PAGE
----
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iScience ; 25(7): 104480, 2022 Jul 15.
Article in English | MEDLINE | ID: covidwho-1867295


Clinical outcomes for patients with COVID-19 are heterogeneous and there is interest in defining subgroups for prognostic modeling and development of treatment algorithms. We obtained 28 demographic and laboratory variables in patients admitted to hospital with COVID-19. These comprised a training cohort (n = 6099) and two validation cohorts during the first and second waves of the pandemic (n = 996; n = 1011). Uniform manifold approximation and projection (UMAP) dimension reduction and Gaussian mixture model (GMM) analysis was used to define patient clusters. 29 clusters were defined in the training cohort and associated with markedly different mortality rates, which were predictive within confirmation datasets. Deconvolution of clinical features within clusters identified unexpected relationships between variables. Integration of large datasets using UMAP-assisted clustering can therefore identify patient subgroups with prognostic information and uncovers unexpected interactions between clinical variables. This application of machine learning represents a powerful approach for delineating disease pathogenesis and potential therapeutic interventions.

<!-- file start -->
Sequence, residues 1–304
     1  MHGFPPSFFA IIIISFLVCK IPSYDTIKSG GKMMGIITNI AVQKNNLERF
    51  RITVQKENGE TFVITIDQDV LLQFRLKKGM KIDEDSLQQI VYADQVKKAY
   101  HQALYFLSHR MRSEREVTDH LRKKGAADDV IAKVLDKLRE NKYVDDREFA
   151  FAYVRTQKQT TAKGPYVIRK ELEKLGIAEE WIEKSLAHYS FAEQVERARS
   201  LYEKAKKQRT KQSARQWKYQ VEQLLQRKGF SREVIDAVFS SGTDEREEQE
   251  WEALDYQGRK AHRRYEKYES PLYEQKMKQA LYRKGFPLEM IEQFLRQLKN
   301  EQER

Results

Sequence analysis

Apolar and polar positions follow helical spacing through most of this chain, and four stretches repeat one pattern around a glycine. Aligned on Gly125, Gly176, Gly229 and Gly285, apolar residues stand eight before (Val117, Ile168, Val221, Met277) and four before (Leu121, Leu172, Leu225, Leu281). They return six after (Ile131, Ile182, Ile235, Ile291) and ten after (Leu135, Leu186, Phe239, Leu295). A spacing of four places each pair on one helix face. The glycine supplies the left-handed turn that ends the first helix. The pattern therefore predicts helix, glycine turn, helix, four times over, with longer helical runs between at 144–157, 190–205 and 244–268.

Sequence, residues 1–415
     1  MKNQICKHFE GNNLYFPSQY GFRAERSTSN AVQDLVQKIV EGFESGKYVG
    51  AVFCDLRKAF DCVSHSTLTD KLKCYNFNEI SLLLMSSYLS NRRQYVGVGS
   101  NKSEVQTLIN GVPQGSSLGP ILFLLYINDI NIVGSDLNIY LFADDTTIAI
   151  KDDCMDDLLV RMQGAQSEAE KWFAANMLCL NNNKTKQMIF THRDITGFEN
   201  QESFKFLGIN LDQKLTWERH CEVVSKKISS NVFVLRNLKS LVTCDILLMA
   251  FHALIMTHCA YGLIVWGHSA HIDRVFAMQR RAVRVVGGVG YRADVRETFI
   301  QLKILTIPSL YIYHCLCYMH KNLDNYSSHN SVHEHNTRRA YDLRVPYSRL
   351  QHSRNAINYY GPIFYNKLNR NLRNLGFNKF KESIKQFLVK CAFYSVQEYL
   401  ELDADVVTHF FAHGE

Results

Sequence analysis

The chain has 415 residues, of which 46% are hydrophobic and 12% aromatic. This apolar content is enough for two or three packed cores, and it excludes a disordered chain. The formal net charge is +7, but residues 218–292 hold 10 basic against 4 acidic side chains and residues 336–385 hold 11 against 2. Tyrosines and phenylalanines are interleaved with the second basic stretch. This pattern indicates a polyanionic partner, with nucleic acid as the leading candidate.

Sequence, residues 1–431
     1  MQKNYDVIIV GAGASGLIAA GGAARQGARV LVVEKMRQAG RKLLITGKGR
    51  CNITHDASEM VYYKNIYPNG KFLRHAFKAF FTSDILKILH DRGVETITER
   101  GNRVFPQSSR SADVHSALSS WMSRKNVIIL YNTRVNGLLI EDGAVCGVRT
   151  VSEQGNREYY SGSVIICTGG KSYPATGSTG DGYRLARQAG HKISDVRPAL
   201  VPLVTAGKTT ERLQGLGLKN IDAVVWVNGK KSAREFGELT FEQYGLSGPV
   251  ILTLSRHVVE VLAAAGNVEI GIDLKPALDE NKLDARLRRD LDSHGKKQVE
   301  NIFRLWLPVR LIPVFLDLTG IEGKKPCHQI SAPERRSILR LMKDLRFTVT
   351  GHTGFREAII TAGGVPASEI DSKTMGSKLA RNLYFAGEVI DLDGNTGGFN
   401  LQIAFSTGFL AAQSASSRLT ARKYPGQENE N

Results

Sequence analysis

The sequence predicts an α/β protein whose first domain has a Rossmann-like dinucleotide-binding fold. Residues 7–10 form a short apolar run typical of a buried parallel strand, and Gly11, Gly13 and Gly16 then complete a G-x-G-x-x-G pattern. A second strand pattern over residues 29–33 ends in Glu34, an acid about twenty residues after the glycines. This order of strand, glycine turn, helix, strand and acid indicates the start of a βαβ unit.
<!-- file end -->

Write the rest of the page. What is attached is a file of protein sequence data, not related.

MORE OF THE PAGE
SSRN; 2021.
Preprint in English | SSRN | ID: ppcovidwho-297180


Background: Age and frailty are risk factors for poor clinical outcomes following SARS-CoV-2 infection. As such, COVID-19 vaccination has been prioritised for this group but there is concern that immune responses may be impaired due to immune senescence and co-morbidity. Methods: We studied antibody and cellular immune responses following COVID-19 vaccination in 202 staff and 286 residents of long-term care facilities (LTCF). Due to the high prevalence of previous infection within this environment 50% and 51% of these two groups respectively had serological evidence of prior natural SARS-CoV-2 infection. Results: In both staff and residents with previous infection the antibody responses following dual vaccination were strong and equivalent across the age course. In contrast, within infection-naïve donors these responses were reduced by 2.4-fold and 8.1-fold respectively such that values within the resident population were 2.6-fold lower than in staff. Impaired neutralisation of delta variant spike binding was also apparent within donors without prior infection. Spike-specific T cell responses were also markedly enhanced by prior infection and within infection-naive donors were 52% lower within residents compared to staff. Post-vaccine spike-specific CD4+ T cell responses displayed single or dual production of IFN-γ+ and IL-2+ whilst previous infection primed for an extended functional profile with TNF-ɑ+ and CXCL10 production. Interpretation: These data reveal suboptimal post-vaccine immune responses within infection-naïve elderly residents of LTCF and indicate the need for further optimization of immune protection through the use of booster vaccination.